Britain, which votes in June on whether to exit the European Union, is in the throes of a debate about its identity. The “Brexit” debate has created even more of a crisis than the one in 2014 when Scotland voted on independence from the United Kingdom (the “No” side won). All this is perhaps what caused the BBC to conduct a poll this year of more than 20,000 people in 18 countries about their identity. The result: More people than ever are viewing themselves as global citizens rather than national citizens.
The phrase “global citizen” is fraught with vagueness, and used more often in a Model UN conference than in everyday talk. Citizenship has long meant ties and duties to a country, not all of the world’s 7.4 billion humans. Still, the BBC poll shows a global trend in people accepting this broader term for themselves – but mainly in poorer countries. Nigeria is highest at 73 percent. In wealthier countries, the trend is in the opposite direction. Less than a third of Germans, for example, see themselves this way. And when Donald Trump talks about an “America First” foreign policy, he reflects this downward trend in industrialized countries.
The BBC also found fewer people are identifying themselves first and foremost by religion. In the United States, only 15 percent do. In Europe, the number is 5 percent. Pakistan stands out with 43 percent identifying more by religion than nationality.
Global citizens tend to come in two colors: Those who want to help the world, such as in dealing with climate change, and those who easily travel and work outside their “home” country or often connect to others around the planet. (An estimated 232 million people do not live in their country of origin.)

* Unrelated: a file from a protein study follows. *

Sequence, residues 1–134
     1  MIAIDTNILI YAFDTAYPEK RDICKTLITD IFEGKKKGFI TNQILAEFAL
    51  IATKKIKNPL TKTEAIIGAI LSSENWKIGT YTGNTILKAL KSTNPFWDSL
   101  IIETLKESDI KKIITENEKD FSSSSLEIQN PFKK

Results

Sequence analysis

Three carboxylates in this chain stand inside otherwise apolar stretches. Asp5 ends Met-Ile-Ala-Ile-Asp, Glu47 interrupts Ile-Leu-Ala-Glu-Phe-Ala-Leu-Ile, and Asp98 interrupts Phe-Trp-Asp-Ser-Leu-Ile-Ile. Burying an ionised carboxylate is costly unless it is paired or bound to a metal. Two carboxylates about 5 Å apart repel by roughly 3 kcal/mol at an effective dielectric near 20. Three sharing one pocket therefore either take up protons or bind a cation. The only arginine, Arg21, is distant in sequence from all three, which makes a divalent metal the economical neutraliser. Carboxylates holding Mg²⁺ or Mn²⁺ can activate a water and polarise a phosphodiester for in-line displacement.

The first type will be heavily represented at the first-ever World Humanitarian Summit, sponsored by the United Nations in late May. The second type is harder to pin down. But Parag Khanna, a Singapore-based geopolitical expert, tries to explain it in a new book, “Connectography: Mapping the Future of Global Civilization.”
More people, he explains, see themselves in “connectivity” terms than by sovereignty. The millions of users of Apple products can easily relate to each other, which explains why Apple’s wealth is bigger than that of almost every country. Internet users discover new identities in “cloud communities.” Facebook is the largest group of netizens, with more than a billion users “liking” each other.
Certain megacities – London, New York, Tokyo – are now so multicultural and similar that people can easily settle into any of them as “city-zens.” And regional trade alliances such as NAFTA are creating almost borderless commercial zones that transcend nationalities.
The most fundamental attribute of this new global system, Mr. Khanna writes, is a “shift from a state-centric order to a multi-actor arena,” which tends to be “horizontal” in relationships and increasingly digital.
All this requires individuals to be even more certain of their core identity – in the values and ideas they hold – rather than let others define them. Like wearing different hats, people can own various identities. But the primary one is based on each person’s individual integrity and mix of qualities. When that identity is embraced, it is easier to choose one’s community, whether it be national, global, or in the cloud.